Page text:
Was Randy Savage the Scottie Pippen of Wrestling?

Keith Elliot Greenberg on the late wrestling legend Randy ‘Macho Man’ Savage:

Randy’s finest moment with the company occurred at WrestleMania III, where he had a match with Ricky “The Dragon” Steamboat that was considered the best encounter ever seen on a World Wrestling Federation pay-per-view. Randy obsessed over the match, charting it move for move with Steamboat beforehand. Even for fans who knew that the action was predetermined, it was easy to suspend disbelief.

No top ten list of wrestling’s greatest matches fails to include the aforementioned match with Savage and Steamboat. Savage gets lost a bit in wrestling lore. He was basically exiled from the WWF/WWE and never showed back up the way guys like Hulk Hogan and Bret Hart did. And that’s really a shame.

If Hulk Hogan is the Michael Jordan of pro wrestling, there’s no doubt Savage was the Scottie Pippen. Savage was never the #1 guy really. His time in the WWF/WWE overlapped with Hogan for it’s entirety, and he was alway, at best, the #2 guy. He and Hogan were even tag team partners at one point. Savage had a run as a “bad guy” at one point, which could equate to some of the issues Pippen had being underpaid later in his Bulls run. Ultimately though, like Pippen, Savage doesn’t get enough credit for being as good as he was.

Wrestling is fake. I get that. There was a period in my youth where I didn’t, but I don’t deny it now. I always thought the classification of “sports entertainment” was a great way to describe it. If you really stop and take a look at sports these days, things are closer to professional wrestling than anyone wants to admit. Sure the story lines associated with football and basketball aren’t made up, but have you ever stopped to consider how much time is spent talking about sports vs. actually playing sports? Think of how many hours of television time and written words are devoted to the NFL Draft each spring. Weeklong pre-game coverage outnumbers the game itself by at least a factor of three. Wrestling is still more TV drama than true sporting event, but that doesn’t mean there isn’t some skill required. The skills just happened to be a combination of athleticism, overacting and public speaking skills.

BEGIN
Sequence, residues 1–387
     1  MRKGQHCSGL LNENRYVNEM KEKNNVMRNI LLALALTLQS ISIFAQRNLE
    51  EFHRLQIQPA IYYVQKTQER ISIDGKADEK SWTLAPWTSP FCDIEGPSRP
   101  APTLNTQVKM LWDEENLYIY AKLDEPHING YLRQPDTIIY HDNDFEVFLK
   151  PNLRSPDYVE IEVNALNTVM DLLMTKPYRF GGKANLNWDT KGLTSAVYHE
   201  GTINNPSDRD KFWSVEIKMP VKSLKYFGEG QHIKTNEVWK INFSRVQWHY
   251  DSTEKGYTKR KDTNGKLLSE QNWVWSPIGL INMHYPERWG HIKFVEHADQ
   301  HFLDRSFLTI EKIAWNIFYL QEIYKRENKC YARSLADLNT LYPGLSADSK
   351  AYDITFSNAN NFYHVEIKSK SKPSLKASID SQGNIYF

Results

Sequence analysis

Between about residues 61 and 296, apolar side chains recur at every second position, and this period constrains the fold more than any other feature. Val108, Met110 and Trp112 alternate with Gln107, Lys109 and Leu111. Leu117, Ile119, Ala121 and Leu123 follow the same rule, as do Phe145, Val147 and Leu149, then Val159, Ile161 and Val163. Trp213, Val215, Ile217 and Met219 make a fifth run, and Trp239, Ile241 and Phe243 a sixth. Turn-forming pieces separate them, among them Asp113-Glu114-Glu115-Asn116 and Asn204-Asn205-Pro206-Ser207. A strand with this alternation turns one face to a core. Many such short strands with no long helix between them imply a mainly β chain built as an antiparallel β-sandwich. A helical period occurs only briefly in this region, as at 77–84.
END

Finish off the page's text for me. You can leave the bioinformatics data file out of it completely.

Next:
Hogan was always a larger than life figure in the wrestling world. He was great at working the crowd, and pretty good on the mic, but he was a terrible wrestler. Savage was never as big of a star as Hogan, and maybe he never wanted to be. Or maybe he just came around at the wrong time, but he was a vastly superior wrestler. He executed lots of top rope moves, and hard a much bigger variety of maneuvers, as opposed to Hogan who mostly got by as being a superhuman like brawler.

Like Pippen, it’s always interesting to play the “what if” game. For Pippen you have to wonder how good he would have actually been if he hadn’t played his entire prime with Jordan. Would he have gotten more respect and recognition for being great? Or would he have floundered as a guy who wasn’t good enough to be the #1 guy? With Savage, you have to wonder what would have happened if he came around without Hogan. Perhaps he would be the face of professional wrestling.

Hypothecticals aside though, Savage was a great wrestler, with a huge personality who will be remembered by fans of the sport as a legend who was more than just a Slim Jim spokesman.